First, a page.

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Amani National Congress party leader, Musalia Mudavadi (right), and his Ford Kenya counterpart, Moses Wetang'ula, address the press in Bungoma town on March 26, 2018. They said they were working on coming up with a new political outfit that will unite the Western region politically in the coming years. [Raphael Wanjala, Standard]

Talk of Luhya unity is in the air again, signalling another round of political wrangles - a prelude to 2022 General Election.

For the last few decades, the election campaign season starts with talk of Luhya unity; a flurry of ‘noisy and messy’ meetings, which are followed by a lull immediately after the polls.

The return of this political curtain-raiser, once again, raises many questions. Why the perennial hullabaloo about Luhya unity? Who are the major beneficiaries of the so-called elusive Luhya unity? What is going on within the Mulembe nation that even in this era of partial lockdowns and social distancing such must go on?

Whereas the majority of Kenyans consigned crucial community decisions, meetings, political activities and social gatherings to the back-burner until the Covid-19 situation normalises, it is clear things are different in Western.

SEE ALSO: Moi: KANU in the right path ahead of 2022 General Election

It is business as usual politically in the Mulembe nation, and curiously, the older generation that we have been warned is most at risk is the most active.

We have witnessed the senior citizens crisscrossing counties to attend meetings in Kajiado, Nairobi, Bungoma and Malava at the height of this pandemic.

What prompts a leader to cross five counties at the risk of death to attend a political meeting crowned by a rhumba dance in a far off town?

What is so urgent that leaders from the Mulembe nation cannot wait until we have an all-clear signal from Health CS Mutahi Kagwe? Are members of the Mulembe nation going somewhere tomorrow that their unity must be sorted out today?

Political fights 

SEE ALSO: ODM denies a pre-election deal between Raila, Kalonzo

Whatever the case, I need to point out that no unity can be achieved when some members of the community are chest-thumping, daring each other to political duels, engaging in incessant political fights and generally working at cross-purposes.

Why wrestle a party from a fellow Luhya while at the same time pretending to champion unity? Political expediency is no sufficient excuse here, unless, of course, you are under instructions from some quarters.

Is Luhya unity really important? I do not think so. In fact, I do not think Mulembe people should waste time trying to forge a united front.

As a matter of fact, I have always seen the Luhya community as a ‘model’ that all other communities should emulate. It is the most democratic as all political parties have followers there — and they get votes at the end of the day.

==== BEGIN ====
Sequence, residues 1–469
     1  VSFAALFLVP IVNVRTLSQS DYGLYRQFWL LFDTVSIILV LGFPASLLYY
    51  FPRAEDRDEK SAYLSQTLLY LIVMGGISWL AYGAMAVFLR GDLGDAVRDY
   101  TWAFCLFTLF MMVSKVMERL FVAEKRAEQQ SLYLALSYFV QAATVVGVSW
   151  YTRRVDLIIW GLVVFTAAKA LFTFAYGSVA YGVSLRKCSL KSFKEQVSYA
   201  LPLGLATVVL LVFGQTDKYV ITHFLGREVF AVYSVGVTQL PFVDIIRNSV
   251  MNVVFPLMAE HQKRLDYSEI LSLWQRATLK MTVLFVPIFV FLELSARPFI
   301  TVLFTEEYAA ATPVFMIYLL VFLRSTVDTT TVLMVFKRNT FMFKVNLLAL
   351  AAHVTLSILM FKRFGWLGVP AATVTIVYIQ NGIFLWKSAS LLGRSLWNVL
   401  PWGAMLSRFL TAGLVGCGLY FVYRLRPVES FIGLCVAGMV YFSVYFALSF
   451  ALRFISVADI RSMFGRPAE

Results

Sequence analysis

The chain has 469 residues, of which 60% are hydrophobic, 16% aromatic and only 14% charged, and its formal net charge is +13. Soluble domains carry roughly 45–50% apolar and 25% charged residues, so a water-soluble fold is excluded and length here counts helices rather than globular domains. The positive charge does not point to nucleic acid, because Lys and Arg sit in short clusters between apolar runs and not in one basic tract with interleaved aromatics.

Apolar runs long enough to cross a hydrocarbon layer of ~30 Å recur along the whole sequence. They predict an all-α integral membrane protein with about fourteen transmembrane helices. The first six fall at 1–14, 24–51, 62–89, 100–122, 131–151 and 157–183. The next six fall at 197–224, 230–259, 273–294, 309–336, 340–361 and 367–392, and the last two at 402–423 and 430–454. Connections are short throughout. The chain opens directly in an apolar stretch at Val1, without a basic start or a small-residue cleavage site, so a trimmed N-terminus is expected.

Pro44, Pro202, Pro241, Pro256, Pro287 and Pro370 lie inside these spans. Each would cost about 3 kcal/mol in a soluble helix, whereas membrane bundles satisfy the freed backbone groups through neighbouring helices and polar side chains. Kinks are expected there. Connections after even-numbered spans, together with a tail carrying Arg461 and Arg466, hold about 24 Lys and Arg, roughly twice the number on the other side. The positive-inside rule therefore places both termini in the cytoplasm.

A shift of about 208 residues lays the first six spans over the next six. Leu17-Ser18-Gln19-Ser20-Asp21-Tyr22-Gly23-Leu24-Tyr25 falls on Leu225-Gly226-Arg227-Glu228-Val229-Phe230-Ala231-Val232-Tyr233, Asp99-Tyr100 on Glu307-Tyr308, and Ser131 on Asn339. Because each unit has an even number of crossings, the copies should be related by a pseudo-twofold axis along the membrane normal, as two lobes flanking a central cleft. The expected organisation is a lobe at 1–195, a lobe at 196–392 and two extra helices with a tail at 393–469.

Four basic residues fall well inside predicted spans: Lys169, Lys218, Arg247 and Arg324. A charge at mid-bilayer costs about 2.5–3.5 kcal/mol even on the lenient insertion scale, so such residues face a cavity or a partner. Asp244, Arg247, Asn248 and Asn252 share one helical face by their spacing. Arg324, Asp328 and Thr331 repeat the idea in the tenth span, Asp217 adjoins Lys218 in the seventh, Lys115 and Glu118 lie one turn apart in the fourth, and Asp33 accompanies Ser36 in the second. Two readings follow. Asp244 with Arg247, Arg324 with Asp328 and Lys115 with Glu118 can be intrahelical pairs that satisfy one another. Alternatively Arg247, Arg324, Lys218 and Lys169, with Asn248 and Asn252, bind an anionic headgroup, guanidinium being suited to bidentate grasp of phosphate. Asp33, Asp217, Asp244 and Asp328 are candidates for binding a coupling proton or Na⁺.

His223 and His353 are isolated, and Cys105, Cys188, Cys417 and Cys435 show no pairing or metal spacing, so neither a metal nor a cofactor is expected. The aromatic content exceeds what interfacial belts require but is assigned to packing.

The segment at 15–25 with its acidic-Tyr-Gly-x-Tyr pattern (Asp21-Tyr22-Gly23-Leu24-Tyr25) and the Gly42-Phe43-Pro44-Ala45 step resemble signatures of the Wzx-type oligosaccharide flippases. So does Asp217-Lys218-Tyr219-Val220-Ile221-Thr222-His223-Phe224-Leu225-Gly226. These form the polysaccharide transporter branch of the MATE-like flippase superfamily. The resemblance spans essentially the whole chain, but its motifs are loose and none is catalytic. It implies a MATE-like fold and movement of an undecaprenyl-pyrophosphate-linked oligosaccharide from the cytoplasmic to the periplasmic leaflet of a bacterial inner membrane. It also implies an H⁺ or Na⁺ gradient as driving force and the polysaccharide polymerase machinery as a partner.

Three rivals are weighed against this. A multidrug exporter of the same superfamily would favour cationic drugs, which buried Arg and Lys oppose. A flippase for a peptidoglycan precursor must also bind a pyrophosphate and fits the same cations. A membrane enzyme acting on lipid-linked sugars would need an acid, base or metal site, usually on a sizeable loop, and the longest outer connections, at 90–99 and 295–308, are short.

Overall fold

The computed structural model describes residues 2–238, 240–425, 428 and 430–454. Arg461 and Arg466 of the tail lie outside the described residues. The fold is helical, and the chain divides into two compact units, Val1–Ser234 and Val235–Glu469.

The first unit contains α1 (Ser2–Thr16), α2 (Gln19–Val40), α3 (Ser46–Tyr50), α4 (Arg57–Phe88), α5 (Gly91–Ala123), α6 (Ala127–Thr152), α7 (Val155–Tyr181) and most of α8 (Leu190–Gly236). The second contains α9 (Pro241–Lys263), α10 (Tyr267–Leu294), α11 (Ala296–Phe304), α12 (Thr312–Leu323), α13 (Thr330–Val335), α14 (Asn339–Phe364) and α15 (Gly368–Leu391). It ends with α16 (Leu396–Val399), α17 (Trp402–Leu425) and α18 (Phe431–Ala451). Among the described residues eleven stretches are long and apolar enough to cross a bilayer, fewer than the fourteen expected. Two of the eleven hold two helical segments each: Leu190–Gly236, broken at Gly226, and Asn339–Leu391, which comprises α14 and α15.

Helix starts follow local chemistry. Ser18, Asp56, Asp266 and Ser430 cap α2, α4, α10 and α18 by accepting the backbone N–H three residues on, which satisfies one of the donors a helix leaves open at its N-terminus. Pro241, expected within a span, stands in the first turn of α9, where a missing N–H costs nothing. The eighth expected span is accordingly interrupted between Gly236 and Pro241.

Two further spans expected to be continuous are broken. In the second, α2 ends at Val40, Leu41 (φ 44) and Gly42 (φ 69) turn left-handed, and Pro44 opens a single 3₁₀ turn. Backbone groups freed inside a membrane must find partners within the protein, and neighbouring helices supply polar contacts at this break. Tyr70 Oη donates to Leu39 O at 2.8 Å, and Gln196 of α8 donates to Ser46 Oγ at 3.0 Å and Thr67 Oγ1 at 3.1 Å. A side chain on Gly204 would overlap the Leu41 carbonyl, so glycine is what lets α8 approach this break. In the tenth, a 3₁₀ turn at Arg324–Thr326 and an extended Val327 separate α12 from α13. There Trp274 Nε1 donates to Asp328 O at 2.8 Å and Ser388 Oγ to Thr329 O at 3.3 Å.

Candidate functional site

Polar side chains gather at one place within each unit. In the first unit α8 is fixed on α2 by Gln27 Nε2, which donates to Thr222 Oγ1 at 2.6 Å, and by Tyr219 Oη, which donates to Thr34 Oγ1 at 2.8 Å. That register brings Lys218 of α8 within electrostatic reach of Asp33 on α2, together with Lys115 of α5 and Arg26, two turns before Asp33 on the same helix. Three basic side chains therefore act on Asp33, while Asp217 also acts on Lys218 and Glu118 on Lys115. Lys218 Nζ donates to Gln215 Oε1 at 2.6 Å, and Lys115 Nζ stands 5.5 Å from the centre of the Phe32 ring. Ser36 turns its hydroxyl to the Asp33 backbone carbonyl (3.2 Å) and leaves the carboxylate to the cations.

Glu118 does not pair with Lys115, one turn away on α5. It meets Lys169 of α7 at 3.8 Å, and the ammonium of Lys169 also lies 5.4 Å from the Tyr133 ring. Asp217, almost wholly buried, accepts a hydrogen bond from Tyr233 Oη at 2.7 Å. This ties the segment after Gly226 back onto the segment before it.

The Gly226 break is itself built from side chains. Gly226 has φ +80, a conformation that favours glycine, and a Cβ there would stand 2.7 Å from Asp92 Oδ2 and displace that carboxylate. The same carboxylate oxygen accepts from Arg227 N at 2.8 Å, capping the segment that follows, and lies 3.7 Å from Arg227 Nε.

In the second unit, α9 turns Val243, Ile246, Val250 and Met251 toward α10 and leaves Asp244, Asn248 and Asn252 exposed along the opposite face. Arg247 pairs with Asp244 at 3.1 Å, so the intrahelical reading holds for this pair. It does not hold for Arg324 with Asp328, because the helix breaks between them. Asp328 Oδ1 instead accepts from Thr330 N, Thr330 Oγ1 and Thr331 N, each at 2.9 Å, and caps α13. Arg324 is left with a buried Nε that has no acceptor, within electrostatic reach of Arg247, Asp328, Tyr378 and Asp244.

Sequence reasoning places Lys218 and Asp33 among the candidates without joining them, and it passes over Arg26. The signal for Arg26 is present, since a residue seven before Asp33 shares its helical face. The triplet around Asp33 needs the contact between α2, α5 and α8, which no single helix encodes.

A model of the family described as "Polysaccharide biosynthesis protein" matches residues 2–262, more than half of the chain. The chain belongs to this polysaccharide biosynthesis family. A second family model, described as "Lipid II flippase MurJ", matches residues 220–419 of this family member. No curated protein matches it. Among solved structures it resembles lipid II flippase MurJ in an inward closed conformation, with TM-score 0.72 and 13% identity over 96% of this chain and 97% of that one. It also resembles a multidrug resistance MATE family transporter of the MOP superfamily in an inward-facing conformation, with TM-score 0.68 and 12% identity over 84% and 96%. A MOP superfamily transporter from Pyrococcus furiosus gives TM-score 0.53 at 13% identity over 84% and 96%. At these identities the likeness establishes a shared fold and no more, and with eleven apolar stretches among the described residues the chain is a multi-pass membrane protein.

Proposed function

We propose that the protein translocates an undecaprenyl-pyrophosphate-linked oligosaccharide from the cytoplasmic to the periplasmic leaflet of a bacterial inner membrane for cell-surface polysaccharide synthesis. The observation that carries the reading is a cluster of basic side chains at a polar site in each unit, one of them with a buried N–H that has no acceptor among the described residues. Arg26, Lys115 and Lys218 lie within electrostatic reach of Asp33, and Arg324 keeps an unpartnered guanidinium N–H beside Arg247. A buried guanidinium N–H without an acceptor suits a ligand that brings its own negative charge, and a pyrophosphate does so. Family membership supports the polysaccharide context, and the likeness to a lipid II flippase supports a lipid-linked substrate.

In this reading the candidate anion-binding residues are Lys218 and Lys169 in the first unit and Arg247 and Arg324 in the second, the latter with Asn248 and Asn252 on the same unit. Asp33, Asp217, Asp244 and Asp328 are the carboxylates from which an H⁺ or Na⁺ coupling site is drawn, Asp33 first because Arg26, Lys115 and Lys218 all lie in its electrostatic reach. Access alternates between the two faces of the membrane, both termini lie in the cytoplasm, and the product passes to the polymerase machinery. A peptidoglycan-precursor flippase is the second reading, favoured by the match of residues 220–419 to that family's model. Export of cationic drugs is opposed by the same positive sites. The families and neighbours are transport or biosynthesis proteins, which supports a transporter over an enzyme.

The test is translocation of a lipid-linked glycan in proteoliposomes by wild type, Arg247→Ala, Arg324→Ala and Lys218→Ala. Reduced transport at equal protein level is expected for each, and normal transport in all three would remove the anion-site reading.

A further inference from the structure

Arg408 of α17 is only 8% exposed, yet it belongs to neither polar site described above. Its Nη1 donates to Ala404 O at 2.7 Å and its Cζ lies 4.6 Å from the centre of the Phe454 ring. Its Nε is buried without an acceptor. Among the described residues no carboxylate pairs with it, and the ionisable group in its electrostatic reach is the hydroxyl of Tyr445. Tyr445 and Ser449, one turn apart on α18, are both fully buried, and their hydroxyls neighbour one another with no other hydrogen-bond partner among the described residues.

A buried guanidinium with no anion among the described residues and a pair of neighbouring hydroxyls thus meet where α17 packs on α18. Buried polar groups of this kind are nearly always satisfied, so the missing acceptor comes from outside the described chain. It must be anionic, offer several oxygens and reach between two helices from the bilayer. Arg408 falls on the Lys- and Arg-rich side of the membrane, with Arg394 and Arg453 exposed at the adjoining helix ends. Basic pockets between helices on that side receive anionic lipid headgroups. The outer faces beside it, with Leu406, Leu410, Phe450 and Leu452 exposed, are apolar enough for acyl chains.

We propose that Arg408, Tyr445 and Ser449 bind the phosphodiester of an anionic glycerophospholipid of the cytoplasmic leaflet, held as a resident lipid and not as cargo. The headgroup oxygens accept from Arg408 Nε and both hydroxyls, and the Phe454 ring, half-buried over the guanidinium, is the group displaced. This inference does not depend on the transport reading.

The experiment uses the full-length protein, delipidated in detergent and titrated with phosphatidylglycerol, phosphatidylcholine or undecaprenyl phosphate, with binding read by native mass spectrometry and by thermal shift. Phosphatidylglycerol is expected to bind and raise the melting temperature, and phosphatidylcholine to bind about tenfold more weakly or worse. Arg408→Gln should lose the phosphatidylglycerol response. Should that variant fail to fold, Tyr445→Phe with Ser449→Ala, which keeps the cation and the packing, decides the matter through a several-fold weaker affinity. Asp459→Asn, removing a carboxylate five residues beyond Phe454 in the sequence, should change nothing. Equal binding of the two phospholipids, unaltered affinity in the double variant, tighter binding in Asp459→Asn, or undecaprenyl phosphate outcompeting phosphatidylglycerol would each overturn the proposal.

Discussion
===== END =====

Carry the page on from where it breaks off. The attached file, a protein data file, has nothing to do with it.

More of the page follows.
It is only in Luhyaland that you get a national outlook as far as political representation is concerned. Jubilee, Narc, Maendeleo Chap Chap and Kanu, among other political parties, have found a home here together with the local ANC, Ford-Kenya and ODM. That is something to be admired, not frowned upon.

SEE ALSO: ODM: Raila will not back Kalonzo in 2022 polls

Voting booths

What is clear is that the Luhya community is envying other ethnic groups that are usually shepherded to the voting booths like sheep and so end up voting en bloc for ‘one of their own’.

Kikuyus, Luos and even Kalenjins have done that repeatedly, hoping that after taking their man to State House, he would bring them goodies. But this rarely happens.

President Jomo Kenyatta assumed office in 1963 and the Kikuyu community did not benefit much. The same script resonates for Presidents Daniel arap Moi, Mwai Kibaki and now Uhuru Kenyatta.

Throughout their reigns, voters from their localities never benefited much. That is the sad reality. Yes, people are thrilled that their tribesman is in the house on the hill, but how does that help them?

Considering these two factors, the Mulembe nation should take pride in its ability to nurture heterogeneity on issues religion, inter-marriages and politics, and export this critical sense of ‘unity in diversity’ to other Kenyans. Luhyaland is the epitome of democracy that needs to be emulated.

It is high time the Luhya community took pride in this democracy that it has enjoyed over the years.

It is not important for the Luhya community to unite for the sake of voting as a bloc but it is important for communities that vote in that manner to stop doing it for the sake of it.

Voting should be based on individual, not communal decisions, driven by the manifestos and promises of the various parties.

That is what democracy envisages. Tribal voting conclaves always undermine democracy. They are not good for democracy.

The author is a communications specialist.

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